I saw a high school acquaintance go down that road. He was on the MIT track, but due to circumstances nobody possibly could have foreseen, his train got derailed and he ended up in a party college for rich, nihilistic SWPLs, at which point his parents decided not to give a damn about what he did. He ended up changing his major to philosophy, dropping out, and becoming a drug dealer. Many other people were ruined by that college, that shining exemplar of liberal individualism and hedonism at work; several people I knew there are now reportedly homeless, permafried from acid and riddled with STDs. But our language has no words for such concepts. The absurdity of contemporary society is made apparent by the fact that words such as “wasted”, “trashed”, and “hammered” have taken on positive connotations. Productivity is for squares, bro. Real men fuckin’ party. Drop that Bach shit, let’s crank some Kanye.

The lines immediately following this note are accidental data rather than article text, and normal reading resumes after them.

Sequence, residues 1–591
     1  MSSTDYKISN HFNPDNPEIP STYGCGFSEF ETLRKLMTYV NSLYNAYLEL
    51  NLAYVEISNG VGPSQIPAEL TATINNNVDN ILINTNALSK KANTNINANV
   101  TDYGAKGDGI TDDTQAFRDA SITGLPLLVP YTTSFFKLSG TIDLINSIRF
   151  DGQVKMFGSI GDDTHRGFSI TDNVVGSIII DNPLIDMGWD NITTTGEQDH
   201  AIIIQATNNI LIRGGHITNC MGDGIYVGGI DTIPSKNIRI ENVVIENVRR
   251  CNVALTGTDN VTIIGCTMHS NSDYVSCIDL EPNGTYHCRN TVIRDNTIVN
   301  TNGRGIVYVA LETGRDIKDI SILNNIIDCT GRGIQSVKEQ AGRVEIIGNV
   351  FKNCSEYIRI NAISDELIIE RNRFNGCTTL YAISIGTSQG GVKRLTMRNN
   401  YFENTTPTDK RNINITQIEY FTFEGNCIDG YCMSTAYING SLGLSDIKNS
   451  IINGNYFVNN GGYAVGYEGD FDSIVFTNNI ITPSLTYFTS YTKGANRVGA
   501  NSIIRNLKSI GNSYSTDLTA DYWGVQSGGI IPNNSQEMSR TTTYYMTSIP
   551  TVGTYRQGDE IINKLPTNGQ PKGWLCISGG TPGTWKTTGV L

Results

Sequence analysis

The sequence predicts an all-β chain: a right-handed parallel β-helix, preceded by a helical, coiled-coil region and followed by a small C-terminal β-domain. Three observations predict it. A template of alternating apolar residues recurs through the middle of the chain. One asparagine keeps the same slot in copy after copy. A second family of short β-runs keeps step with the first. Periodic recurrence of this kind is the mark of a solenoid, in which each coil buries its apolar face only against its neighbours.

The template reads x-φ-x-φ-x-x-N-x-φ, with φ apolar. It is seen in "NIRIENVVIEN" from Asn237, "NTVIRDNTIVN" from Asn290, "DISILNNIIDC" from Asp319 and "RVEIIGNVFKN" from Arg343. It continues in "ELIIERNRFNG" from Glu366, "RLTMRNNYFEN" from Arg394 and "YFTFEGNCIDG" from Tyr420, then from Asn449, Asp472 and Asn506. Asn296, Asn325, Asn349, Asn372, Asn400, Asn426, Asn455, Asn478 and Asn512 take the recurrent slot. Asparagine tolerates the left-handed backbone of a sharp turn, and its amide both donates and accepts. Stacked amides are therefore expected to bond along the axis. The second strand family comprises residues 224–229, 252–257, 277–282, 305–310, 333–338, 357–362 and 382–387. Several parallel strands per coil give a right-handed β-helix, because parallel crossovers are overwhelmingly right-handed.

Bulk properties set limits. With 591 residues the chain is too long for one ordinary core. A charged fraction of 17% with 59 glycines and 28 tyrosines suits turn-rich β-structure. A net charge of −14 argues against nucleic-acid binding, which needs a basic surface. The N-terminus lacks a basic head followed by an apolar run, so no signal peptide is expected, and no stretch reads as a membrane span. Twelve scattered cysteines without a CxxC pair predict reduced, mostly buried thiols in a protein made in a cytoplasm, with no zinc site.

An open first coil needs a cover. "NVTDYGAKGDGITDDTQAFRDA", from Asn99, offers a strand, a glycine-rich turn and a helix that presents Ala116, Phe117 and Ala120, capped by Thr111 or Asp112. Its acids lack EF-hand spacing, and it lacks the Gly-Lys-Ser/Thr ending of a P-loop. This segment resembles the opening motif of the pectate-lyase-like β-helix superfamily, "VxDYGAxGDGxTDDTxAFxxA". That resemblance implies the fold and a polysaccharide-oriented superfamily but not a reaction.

Thomas Carlyle, the 19th-century arch-reactionary, saw this all coming:
In the progress of Emancipation, are we to look for a time when all the Horses also are to be emancipated, and brought to the supply-and-demand principle? Horses too have “motives;” are acted on by hunger, fear, hope, love of oats, terror of platted leather; nay they have vanity, ambition, emulation, thankfulness, vindictiveness; some rude outline of all our human spiritualities,—a rude resemblance to us in mind and intelligence, even as they have in bodily frame. The Horse, poor dumb four-footed fellow, he too has his private feelings, his affections, gratitudes; and deserves good usage; no human master, without crime, shall treat him unjustly either, or recklessly lay on the whip where it is not needed:—I am sure if I could make him “happy,” I should be willing to grant a small vote (in addition to the late twenty millions) for that object!